(Ex. 2) “In this case, Jason was in his home with two officers sitting across from him at the kitchen table, and the officers’ car’s police lights were flashing for all to see. Besides, Jason’s mother was marking making breakfast in kitchen, which means his mother leave left Jason alone to talk with the officers.”

As a result, I find myself frequently providing corrective written feedback along the following lines:

“Besides,….” is not the connecting word you should use here. A better word would be “Additionally,…” or “Furthermore,…..”

Although we do use “besides” to communicate to the reader that we are adding more information, “besides” also feels less neutral and more informal than a word like “additionally.” It feels kind of pushy, like trying to persuade the other person by appealing to the their sense of personal connection to you.

For example, “Come on, let’s go see the movie tonight. It’s Friday night and you’re assignment isn’t due for a week. Besides, all of our friends are going to be there.”

In the above sentence, “Besides” works well in communicating the intent to persuade. It’s appropriate between friends when one friend is trying to push the other friend into changing their mind. But this informal, pushy feeling undermines your credibility in legal writing when your intention is just to add more information, e.g., one more reason or example, and let the example itself help with the persuading.

In other words, “besides” is saying more to your reader than you probably intend to say. For these reasons, I suggest using “Additionally” or “Furthermore” (among other options) as a connecting phrase in your legal writing rather than using “Besides,….”

I find myself writing this kind of comment so frequently, in fact, that I finally decided it would be more time effective to just write a blog post about it so that I can always share with my students in the future. Besides Additionally, now other legal English and legal writing instructors can use this as well, if it helps make their work a little easier.

In the meantime, if anyone ever figures out what English language textbook or publisher keeps teaching “besides” as an exact synonym for “additionally,” please let me know so I can lead an effort to try and address the problem at the source.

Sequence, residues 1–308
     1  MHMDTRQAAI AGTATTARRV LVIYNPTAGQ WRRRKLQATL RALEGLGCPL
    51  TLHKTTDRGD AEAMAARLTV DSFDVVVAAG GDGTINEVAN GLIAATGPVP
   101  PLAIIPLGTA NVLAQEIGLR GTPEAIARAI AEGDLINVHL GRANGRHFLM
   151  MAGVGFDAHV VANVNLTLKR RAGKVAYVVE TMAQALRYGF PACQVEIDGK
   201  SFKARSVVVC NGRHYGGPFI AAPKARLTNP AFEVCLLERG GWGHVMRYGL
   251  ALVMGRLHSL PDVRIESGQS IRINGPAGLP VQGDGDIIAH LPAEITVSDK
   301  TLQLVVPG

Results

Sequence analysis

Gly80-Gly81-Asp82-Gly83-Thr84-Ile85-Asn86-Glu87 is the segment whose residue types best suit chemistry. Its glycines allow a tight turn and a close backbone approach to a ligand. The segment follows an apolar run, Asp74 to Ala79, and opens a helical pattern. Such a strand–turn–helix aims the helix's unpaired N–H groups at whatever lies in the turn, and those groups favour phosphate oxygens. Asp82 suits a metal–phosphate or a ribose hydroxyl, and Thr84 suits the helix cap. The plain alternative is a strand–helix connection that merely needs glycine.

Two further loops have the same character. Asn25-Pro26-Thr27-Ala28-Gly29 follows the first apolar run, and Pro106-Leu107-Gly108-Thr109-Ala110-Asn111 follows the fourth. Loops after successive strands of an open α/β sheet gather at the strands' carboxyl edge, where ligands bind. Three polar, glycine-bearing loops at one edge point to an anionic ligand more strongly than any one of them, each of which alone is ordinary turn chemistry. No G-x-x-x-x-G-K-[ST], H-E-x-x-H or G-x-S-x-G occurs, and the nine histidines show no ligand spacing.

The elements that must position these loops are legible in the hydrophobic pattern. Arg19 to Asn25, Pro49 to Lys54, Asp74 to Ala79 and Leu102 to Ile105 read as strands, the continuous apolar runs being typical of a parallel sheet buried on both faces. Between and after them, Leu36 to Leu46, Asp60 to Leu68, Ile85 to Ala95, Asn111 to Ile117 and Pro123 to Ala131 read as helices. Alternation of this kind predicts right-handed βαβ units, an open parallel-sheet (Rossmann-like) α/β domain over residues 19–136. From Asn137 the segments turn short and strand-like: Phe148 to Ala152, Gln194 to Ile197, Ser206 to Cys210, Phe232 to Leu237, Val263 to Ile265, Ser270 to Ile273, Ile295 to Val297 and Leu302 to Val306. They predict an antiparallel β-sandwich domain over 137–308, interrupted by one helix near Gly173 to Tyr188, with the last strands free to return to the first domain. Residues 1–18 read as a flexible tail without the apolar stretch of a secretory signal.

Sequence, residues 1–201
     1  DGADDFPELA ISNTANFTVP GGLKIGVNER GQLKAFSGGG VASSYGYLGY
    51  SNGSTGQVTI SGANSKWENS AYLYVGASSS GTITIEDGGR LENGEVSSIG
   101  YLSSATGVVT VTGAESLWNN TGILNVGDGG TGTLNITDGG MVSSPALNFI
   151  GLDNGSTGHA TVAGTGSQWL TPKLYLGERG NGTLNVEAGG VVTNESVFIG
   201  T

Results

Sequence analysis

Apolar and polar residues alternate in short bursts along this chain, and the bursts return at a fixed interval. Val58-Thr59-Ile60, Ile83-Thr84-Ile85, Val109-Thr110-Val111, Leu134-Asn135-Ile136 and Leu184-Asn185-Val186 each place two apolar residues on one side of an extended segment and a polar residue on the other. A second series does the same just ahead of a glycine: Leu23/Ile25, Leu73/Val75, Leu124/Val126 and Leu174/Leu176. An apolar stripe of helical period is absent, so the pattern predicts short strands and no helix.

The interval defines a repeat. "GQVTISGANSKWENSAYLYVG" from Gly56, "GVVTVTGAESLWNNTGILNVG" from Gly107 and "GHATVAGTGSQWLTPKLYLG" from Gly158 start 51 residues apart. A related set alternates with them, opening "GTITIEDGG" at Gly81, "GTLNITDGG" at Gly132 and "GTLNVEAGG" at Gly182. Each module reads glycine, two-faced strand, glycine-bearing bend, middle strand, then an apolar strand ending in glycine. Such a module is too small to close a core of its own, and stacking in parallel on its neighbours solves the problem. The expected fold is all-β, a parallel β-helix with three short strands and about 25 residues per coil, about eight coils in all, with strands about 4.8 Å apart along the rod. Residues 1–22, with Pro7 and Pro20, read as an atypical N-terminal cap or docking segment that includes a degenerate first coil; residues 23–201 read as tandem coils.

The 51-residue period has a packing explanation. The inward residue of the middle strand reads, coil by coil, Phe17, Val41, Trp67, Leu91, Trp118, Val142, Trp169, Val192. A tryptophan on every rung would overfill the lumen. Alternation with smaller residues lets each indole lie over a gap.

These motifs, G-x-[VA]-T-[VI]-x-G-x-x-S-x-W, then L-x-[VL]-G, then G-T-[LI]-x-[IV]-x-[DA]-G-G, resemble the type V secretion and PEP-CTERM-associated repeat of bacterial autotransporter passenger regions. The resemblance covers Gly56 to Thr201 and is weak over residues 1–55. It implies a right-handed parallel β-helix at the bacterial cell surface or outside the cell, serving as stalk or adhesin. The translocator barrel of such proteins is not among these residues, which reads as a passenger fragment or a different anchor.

Bonus: This language (mis-)use example reminds me of when I taught English in a middle school in Japan years ago. From my well-meaning supervisors I would occasionally hear statements like, “You had better sit down now.” Or, “You had better eat the food now.” Each time I wondered why they were threatening me, even though a threat seemed unnecessary in the situation. But then I realized their English classes must have taught them that the phrase “(you) had better” is a synonym for “should.” And it is. Sometimes. But sometimes it can also sound like an organized crime family member making a veiled threat. Thereafter, I told myself, “You had better get to the source of that misinformation before leaving Japan.” But alas, I never did.

Oh well, in both instances it could be a lot worse. Besides, at least it gives me something fun to write about!

Dissents, LLM students and learning to read cases

Post by Stephen Horowitz, Professor of Legal English

One of the challenges for many foreign-trained LLM students studying at a US law school, especially if they come from a civil law legal culture rather than a common law legal culture, is getting their brains to buy into the notion that the words and language and arguments that they read in a court opinion have weight. That statutes and statutory language is not the final say in a legal argument, but actually just a first step followed by a search for and review of case law that interprets various parts of a statute.

Click to see the full article.